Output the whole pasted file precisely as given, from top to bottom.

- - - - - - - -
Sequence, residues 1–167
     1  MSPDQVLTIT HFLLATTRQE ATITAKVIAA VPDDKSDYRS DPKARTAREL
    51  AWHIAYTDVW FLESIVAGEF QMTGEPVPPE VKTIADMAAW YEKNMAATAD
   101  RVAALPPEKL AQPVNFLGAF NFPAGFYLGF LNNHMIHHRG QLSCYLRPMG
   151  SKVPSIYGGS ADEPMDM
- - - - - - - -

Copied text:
Sequence, residues 1–167
     1  MSPDQVLTIT HFLLATTRQE ATITAKVIAA VPDDKSDYRS DPKARTAREL
    51  AWHIAYTDVW FLESIVAGEF QMTGEPVPPE VKTIADMAAW YEKNMAATAD
   101  RVAALPPEKL AQPVNFLGAF NFPAGFYLGF LNNHMIHHRG QLSCYLRPMG
   151  SKVPSIYGGS ADEPMDM